While the Peacocks are chasing the pig every whichwhere, Mulder and Scully make a run for the house. Mulder picks up a large plank of wood along the way. They head in the back door, poking it open with the plank. Which is promptly impaled by a long, sharp spike. Scully and Mulder exchange looks, brows raised, and draw their guns. They creep inside the house, under the spike. "FBI!" Scully calls. "Is anybody in this house?" There's no answer. They poke around the place, flashlights out, guns drawn, kicking in doors. The usual. Mulder kicks open a door to find a room full of old newspapers and magazines. "Oh, no," he says very sadly, and holds up a yellowing paper, reading, "Elvis Dead at 42." Mulder makes an exaggerated pouty face. Scully rolls her eyes at him.
Scully finds a room covered in pictures. The people in the pictures get progressively less freaky-looking as the pictures get older. She's examining the photographs when Mulder finds roller marks on the hardwood floor, leading right under the bed. He pulls aside the bedskirt. (The crazy inbred freaks have a bedskirt? How dainty.) The woman under the bed starts screaming like a banshee. She needs some serious dental work, by the way. She hollers at them to get the hell out. "It's all right, ma'am, we're federal agents," Mulder tells her kindly. "We're here to help you." Scully suggests that they move the bed. "They've got her strapped to some kind of board or something," Mulder says. Scully gestures at him, like, "Then roll her out, numbnuts." And they do. And she screams and screams and screams and screams. In addition to needing dental work, she could also use several prosthetic limbs. Four of them, to be exact. Mulder -- again, very nicely and calmly -- explains that everything is going to be all right; they're from the FBI, and they're going to help her. "We're going to make sure that you get home," he says. She's still yelling. Scully directs her flashlight back to the photos on the wall. "Mulder, she is home," she says, looking first at one of the pictures, then at the woman. "It's Mrs. Peacock. She's their mother." And their wife! Their mother! And their wife! Mrs. Peacock stops screaming and starts sobbing. Her eyes roll around alarmingly in their sockets. Mulder backs up a bit, and she rolls herself right back under the bed. He furrows his brow.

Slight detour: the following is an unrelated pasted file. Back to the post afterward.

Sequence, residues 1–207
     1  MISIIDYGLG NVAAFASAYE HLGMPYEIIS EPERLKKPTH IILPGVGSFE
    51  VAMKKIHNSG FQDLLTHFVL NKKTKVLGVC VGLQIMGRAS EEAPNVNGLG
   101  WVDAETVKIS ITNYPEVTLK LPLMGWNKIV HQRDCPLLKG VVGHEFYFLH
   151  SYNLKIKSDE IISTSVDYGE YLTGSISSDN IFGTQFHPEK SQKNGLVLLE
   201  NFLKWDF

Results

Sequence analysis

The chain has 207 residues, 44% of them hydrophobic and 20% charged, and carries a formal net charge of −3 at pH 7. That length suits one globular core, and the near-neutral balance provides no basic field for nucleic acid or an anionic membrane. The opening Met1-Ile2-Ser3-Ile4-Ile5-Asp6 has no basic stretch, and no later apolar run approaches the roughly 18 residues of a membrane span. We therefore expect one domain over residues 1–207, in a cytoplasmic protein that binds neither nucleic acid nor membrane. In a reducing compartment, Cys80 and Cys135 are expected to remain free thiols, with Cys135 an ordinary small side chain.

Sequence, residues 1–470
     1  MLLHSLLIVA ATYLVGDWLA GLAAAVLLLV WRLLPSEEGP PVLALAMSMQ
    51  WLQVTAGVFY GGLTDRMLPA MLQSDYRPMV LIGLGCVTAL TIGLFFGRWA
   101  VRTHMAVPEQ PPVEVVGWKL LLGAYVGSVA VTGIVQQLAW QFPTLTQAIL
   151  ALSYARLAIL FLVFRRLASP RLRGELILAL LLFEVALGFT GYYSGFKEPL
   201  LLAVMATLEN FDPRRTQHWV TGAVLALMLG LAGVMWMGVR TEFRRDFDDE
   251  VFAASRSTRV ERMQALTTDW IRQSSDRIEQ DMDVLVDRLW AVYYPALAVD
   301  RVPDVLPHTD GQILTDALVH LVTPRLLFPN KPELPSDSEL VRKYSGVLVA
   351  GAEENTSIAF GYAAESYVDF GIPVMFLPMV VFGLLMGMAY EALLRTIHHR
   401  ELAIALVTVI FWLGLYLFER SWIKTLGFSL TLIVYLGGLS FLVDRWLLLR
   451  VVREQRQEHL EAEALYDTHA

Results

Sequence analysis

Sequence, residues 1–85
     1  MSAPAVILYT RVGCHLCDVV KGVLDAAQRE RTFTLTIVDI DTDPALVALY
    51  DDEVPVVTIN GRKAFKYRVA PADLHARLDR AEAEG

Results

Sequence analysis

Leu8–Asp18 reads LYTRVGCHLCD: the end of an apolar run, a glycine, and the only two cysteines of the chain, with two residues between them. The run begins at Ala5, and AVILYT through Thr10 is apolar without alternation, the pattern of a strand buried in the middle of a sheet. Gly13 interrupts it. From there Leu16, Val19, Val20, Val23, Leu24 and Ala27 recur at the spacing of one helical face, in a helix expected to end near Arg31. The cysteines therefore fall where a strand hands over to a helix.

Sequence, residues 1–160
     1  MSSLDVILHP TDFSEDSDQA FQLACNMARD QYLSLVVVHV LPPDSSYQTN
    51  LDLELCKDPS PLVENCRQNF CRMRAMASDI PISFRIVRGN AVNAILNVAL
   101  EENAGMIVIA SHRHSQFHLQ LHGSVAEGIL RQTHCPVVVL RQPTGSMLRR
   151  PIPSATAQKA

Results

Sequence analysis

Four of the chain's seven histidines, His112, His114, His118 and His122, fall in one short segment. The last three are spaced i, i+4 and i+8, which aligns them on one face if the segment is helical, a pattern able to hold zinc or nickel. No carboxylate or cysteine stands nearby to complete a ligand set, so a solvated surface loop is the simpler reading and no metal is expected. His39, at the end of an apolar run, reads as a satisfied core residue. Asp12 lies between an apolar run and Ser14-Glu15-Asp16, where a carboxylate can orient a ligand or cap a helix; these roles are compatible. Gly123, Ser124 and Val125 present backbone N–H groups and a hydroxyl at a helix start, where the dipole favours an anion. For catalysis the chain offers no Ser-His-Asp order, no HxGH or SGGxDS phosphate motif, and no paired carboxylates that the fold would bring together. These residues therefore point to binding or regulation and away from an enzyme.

Mulder walks into the...let's just call it the living room. He tells Scully that he's worried the Brothers Peacock heard their mother/wife screaming. "I'm going to check on their positions," he says. "Well, what about her?" Scully asks. Mulder obviouses that Mrs. Peacock ain't going anywhere. Scully makes a "no kidding" face, and explains that they may not be able to "remove her," since she doesn't appear to be held against her will. "I mean, she appears to be, but I don't think she is," Scully corrects herself. Mulder looks out the window and idly comments that, at the least, she's an accessory to murder. With the aiding and abetting and all that. Scully shrugs that they certainly can't prove that. Mulder sighs and looks out at the Peacocks, who are still chasing their livestock all over the place. "The way I think it goes here is that Edmund is brother and father of the other two," Scully hypothesizes. "Which means that when Edmund was a kid, he could ground the other two for playing with his things?" Mulder asks. Scully just looks at him. Mulder looks back out the window, reminding her that these people are murderers, and instructs her to go talk to Mrs. Peacock. He thinks Scully can convince her that she's the only way the boys will "get out of this without getting hurt."